Researchers surveyed a group of active-duty US Army personnel who use illicit drugs and found that many preferred a synthetic marijuana called Spice, which is hard to detect in drug tests.
Spice is made with shredded plant material coated with chemicals that are designed to mimic THC, the psychoactive compound found naturally in marijuana.
The US Drug Enforcement Administration has listed several of synthetic marijuana's main compounds as Schedule 1 substances, making them illegal. But producers of the drug keep synthesizing new compounds to try to get around those bans.
"Because the formulation is constantly changing, one batch could be innocuous while the next batch affects you totally differently and you land in the hospital with seizures," says Tom Walton, project director for the University of Washington study and a research coordinator in social work. "So the health effects are very unpredictable."
Those health effects have not been widely studied yet, but emergency rooms have reported seizures, nausea, vomiting, and cardiovascular, and respiratory problems. Psychological effects of using synthetic marijuana can include anxiety, confusion, agitation, irritability, depression, and memory issues.
The US military has banned synthetic marijuana in all branches of the service.
MORE THAN REGULAR MARIJUANA
Participants in the study came from the Department of Defense-funded Warrior Check-Up, a telephone-based intervention trial for Army personnel with untreated substance use issues who are ambivalent about making changes or engaging in treatment. All participants were stationed at Joint Base Lewis-McChord in Washington state at some point during the 2011-2014 recruitment period.
Nearly one-third says they had used illicit substances within the previous 90 days; 38 percent of those used synthetic marijuana, twice as many as had used regular marijuana.
Study participants told researchers they believed that use of synthetic marijuana was significantly higher in the military than in the civilian population. It was the only substance that soldiers believed they used more than civilians, which supports the idea that synthetic marijuana is particularly attractive to military personnel, the researchers says.
"What we think other people do tends to be important in prevention efforts and intervention efforts," says Denise Walker, lead author of the study and a research associate professor of social work. "If soldiers think it's common for military personnel to use Spice, then they might think it's OK to use it."
RISK OF SEEKING TREATMENT
Walker says soldiers tend to avoid treatment for substance abuse issues because seeking treatment automatically goes on their record.
"Who would sign up for that in the civilian population if your boss and your coworkers will immediately know?" Walker says.
The Warrior Check-Up is not considered treatment, and participation is strictly confidential.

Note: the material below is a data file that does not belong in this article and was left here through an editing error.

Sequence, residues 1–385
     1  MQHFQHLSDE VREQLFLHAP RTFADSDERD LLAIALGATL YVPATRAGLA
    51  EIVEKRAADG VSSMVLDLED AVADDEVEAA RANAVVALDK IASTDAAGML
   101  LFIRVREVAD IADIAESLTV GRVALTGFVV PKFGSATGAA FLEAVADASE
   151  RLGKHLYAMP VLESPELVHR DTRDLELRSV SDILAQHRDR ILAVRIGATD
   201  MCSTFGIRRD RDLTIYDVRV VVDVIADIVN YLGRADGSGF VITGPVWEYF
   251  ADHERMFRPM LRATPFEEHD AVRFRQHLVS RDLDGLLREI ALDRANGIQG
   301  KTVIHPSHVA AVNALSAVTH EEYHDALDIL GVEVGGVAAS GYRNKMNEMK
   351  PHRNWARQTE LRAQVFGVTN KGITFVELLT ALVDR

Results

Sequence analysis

Users of synthetic marijuana were younger and less educated than those who were dependent only on alcohol. They were more likely to be single and earned less money than those who were dependent on other drugs or alcohol.
But there were no differences in ethnicity, race, deployment history, or religion. Researchers also found that synthetic marijuana users were two-and-a-half times more likely to develop drug dependence than those who used other drugs (but not alcohol).
The majority of participants believed their use of synthetic marijuana resulted in failing to meet obligations, such as being late for work, doing their job poorly, or not handling home and child care responsibilities well. The research appears on line in Addictive Behaviors.
One hazard of using synthetic marijuana is needing more and more to get the same effect, a hallmark of drug dependence. More than three-quarters of users reported using it for much longer than they intended, such as planning to take just a few puffs after work, but then smoking it for hours.
via US Army
Walker says there are many reasons why someone would become dependent on alcohol or drugs, but soldiers face added stressors.
"They live very stressful lives. Most of them are young, and they may be going to war or coming back from war," she says. "Being in the Army is very demanding."
The military recently announced that it has developed a urinalysis that can detect synthetic marijuana, but Walton says that test doesn't necessarily have a very high success rate.
"Those drug tests aren't identifying all the users out there," he says. "And, unfortunately, because of the consequences of self-reporting to substance use treatment, positive drug tests are the primary reason soldiers enter treatment. The Warrior Check-Up hopes to change that by helping military personnel change their substance use before it negatively impacts their lives and careers."
The Department of Defense funded the research.